Compare the facts to this ridiculous representation of the virus-driven evolution of human heterosexual love: VIRUS EVOLUTION ( AMAZING DOCUMENTARY)

 

Avatar of: lisa nagy MD

lisa nagy MD

Posts: 2

November 29, 2017

As an environmental physician I can mention that in sweat there are many compemenets that the autisitc could be reacting to like chemicals, mold toxins etc other hormones. Are they comparing cortsiol only  or all components of sweat and thinking that the only difference is cortisol. were there control sweat that were not from sky divers? I assume so. Fascinating work though . bravo!!

Lisa

 

Avatar of: lisa nagy MD

lisa nagy MD

Posts: 2

November 29, 2017

As an environmental physician I can mention that in sweat there are many components  that the autisitc could be reacting to like chemicals, mold toxins etc, epinephrine - other hormones. Are they comparing cortsisol only  or all components of sweat and thinking that the only difference is cortisol. were there control sweat that were not from sky divers? I assume so. Fascinating work though . bravo!!

Lisa

 

Avatar of: Alexandru

Alexandru

Posts: 97

December 1, 2017

In my opinion, the autism is a mitochondrial disease.

Because mitochondria can not be treated with medication and are completely replaced at the artificial fertilization if the mother has mitochondrial disease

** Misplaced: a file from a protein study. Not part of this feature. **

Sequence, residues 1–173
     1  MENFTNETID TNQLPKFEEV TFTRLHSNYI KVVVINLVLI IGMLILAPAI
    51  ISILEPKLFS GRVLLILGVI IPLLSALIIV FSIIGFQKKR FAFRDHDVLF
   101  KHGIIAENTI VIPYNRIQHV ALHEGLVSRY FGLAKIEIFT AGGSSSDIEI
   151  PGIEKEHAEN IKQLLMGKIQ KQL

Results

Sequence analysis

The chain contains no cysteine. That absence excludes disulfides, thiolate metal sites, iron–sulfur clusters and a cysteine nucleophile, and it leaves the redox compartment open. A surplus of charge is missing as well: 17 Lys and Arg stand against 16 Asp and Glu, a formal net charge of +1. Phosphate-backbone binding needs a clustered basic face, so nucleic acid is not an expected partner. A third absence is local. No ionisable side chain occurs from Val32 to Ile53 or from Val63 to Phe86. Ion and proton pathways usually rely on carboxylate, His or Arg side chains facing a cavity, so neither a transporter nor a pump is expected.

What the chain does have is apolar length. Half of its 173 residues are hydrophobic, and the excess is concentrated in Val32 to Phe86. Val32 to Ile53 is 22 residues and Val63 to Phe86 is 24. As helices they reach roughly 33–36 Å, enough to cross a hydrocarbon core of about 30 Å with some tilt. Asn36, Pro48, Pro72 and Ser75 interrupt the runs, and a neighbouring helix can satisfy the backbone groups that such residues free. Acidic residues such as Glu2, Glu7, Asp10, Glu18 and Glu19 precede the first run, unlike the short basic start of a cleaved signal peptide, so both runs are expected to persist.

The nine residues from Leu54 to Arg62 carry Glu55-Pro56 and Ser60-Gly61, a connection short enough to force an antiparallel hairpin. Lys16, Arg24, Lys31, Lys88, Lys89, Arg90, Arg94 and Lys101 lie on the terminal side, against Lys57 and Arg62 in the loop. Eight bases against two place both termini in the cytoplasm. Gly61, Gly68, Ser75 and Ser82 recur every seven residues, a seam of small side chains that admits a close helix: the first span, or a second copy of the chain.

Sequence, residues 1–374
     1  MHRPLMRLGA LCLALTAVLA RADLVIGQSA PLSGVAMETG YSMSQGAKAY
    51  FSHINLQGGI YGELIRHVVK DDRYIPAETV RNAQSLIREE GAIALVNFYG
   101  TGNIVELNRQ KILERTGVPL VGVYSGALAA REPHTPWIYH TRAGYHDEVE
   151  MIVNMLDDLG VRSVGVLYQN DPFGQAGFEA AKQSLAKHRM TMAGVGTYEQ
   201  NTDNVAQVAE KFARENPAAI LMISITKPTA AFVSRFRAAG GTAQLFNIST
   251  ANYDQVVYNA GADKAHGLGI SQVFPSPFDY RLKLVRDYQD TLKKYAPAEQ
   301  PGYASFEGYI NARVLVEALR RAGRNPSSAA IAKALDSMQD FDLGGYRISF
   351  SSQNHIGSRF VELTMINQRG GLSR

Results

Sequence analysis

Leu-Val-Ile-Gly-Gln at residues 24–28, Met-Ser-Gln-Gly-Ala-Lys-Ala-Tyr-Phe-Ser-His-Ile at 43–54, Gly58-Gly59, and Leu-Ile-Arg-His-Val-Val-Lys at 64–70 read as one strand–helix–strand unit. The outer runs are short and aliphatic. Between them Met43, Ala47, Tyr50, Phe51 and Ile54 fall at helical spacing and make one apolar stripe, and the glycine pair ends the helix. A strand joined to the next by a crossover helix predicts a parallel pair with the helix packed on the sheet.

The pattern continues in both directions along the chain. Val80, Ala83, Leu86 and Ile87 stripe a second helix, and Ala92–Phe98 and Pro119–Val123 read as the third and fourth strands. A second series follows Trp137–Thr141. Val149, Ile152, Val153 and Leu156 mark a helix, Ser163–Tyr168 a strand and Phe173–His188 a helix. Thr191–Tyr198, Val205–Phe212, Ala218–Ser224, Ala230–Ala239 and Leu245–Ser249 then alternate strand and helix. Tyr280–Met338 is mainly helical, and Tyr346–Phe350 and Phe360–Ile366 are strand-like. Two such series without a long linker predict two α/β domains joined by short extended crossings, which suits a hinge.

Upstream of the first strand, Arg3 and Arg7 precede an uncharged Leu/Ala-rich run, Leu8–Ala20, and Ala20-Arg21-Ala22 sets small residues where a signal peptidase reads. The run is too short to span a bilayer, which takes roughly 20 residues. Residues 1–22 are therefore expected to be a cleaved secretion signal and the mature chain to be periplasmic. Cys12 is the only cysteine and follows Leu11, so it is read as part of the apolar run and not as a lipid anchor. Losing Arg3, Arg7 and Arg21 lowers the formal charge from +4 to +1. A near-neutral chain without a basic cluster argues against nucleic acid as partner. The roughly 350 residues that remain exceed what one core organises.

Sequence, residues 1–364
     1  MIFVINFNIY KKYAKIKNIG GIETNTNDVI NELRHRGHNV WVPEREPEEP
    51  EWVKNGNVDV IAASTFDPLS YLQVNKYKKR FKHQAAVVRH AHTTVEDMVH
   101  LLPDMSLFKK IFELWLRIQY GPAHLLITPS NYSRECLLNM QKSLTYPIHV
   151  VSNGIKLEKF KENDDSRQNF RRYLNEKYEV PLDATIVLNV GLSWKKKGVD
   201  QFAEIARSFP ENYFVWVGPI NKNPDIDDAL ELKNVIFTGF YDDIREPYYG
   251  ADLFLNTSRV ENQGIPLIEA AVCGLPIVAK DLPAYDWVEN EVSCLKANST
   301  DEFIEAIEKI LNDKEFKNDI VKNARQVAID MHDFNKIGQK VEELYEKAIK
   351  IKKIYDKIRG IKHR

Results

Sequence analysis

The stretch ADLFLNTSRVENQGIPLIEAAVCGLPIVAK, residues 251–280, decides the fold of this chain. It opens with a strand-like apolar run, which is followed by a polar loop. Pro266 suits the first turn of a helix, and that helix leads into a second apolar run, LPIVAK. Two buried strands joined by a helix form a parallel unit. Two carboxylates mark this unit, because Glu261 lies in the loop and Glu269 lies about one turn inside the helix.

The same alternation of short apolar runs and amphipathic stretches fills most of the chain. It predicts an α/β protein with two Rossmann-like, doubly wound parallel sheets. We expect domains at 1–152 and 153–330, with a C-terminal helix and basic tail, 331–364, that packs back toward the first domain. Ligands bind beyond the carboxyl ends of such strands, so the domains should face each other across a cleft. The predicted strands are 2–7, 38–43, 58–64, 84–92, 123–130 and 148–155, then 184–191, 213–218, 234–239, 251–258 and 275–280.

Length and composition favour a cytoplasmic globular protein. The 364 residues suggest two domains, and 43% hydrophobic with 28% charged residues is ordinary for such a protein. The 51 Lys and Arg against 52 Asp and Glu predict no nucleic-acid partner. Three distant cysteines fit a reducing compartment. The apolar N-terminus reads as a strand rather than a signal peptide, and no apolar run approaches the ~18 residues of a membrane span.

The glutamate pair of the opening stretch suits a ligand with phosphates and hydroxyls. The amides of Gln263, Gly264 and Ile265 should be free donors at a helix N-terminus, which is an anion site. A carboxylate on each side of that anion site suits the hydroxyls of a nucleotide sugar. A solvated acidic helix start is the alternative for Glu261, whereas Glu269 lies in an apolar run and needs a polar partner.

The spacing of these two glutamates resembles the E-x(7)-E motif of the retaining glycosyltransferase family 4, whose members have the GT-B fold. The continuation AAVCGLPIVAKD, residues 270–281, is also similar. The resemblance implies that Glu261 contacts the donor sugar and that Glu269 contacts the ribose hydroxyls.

https://www.the-scientist.com/?articles.view/articleNo/42043/title/UK-Supports-Three-Parent-IVF/,

I believe that autism can be treated by words of wisdom.

In other words psychology and contact with society are safe remedies for people with autism.

see

https://mitochondrialdiseasenews.com/2015/09/02/mitoaction-creates-back-to-schoolchecklist-for-parents-of-children-with-mitochondrial-disease/

Avatar of: Imperielle

Imperielle

Posts: 2

January 16, 2018

I find this interesting and plausible from personal experience. I'm just learning about the autism spectrum as my teenage son has difficulty with most social interactions and 'appears to be on the spectrum' (so a specialist has just told us). His father (who is often described as "a bit different" & accepts that he may be on the spectrum himself) has, amongst other things, a very poor sense of smell - he is often oblivious to smells that everyone else notices and reacts to such as strong body odour, gas, flowers, burning food and so on. Until this article, it had never occurred to me that there might be a connection. I will be following this story in future.

Avatar of: Imperielle

Imperielle

Posts: 2

Replied to a comment from Alexandru made on December 1, 2017

January 16, 2018

I thought mitochondria were inherited from the mother?

A psychologist whom we recently saw, told us that almost all the autism-spectrum children she sees have clearly inherited the condition from their father (she meets the parents too, obviously). In her 30+ years of experience it's rarely from the mother.

Popular Now

  1. Estonia Offers Free Genetic Testing to Residents
  2. Human Brain Organoids Thrive in Mouse Brains
  3. New Ovarian Cancer Vaccine Shows Promise
  4. The Second March for Science a Smaller Affair